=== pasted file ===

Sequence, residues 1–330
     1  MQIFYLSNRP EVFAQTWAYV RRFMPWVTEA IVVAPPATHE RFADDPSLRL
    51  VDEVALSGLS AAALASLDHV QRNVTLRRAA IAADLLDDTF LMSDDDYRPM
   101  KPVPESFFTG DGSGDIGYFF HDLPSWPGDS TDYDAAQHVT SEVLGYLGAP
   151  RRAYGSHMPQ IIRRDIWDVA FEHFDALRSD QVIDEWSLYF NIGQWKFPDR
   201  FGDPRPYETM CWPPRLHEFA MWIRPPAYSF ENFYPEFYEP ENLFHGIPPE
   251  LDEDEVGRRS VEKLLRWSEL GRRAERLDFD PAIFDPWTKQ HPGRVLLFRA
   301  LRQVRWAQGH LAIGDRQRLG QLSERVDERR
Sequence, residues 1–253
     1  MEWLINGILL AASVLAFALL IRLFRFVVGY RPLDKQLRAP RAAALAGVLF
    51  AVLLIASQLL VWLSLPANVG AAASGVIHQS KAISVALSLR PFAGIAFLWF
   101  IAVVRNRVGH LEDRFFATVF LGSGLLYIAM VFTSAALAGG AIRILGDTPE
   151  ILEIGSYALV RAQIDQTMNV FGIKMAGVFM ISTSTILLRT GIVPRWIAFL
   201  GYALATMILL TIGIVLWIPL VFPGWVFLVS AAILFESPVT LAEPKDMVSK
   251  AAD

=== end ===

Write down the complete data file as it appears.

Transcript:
Sequence, residues 1–330
     1  MQIFYLSNRP EVFAQTWAYV RRFMPWVTEA IVVAPPATHE RFADDPSLRL
    51  VDEVALSGLS AAALASLDHV QRNVTLRRAA IAADLLDDTF LMSDDDYRPM
   101  KPVPESFFTG DGSGDIGYFF HDLPSWPGDS TDYDAAQHVT SEVLGYLGAP
   151  RRAYGSHMPQ IIRRDIWDVA FEHFDALRSD QVIDEWSLYF NIGQWKFPDR
   201  FGDPRPYETM CWPPRLHEFA MWIRPPAYSF ENFYPEFYEP ENLFHGIPPE
   251  LDEDEVGRRS VEKLLRWSEL GRRAERLDFD PAIFDPWTKQ HPGRVLLFRA
   301  LRQVRWAQGH LAIGDRQRLG QLSERVDERR
Sequence, residues 1–253
     1  MEWLINGILL AASVLAFALL IRLFRFVVGY RPLDKQLRAP RAAALAGVLF
    51  AVLLIASQLL VWLSLPANVG AAASGVIHQS KAISVALSLR PFAGIAFLWF
   101  IAVVRNRVGH LEDRFFATVF LGSGLLYIAM VFTSAALAGG AIRILGDTPE
   151  ILEIGSYALV RAQIDQTMNV FGIKMAGVFM ISTSTILLRT GIVPRWIAFL
   201  GYALATMILL TIGIVLWIPL VFPGWVFLVS AAILFESPVT LAEPKDMVSK
   251  AAD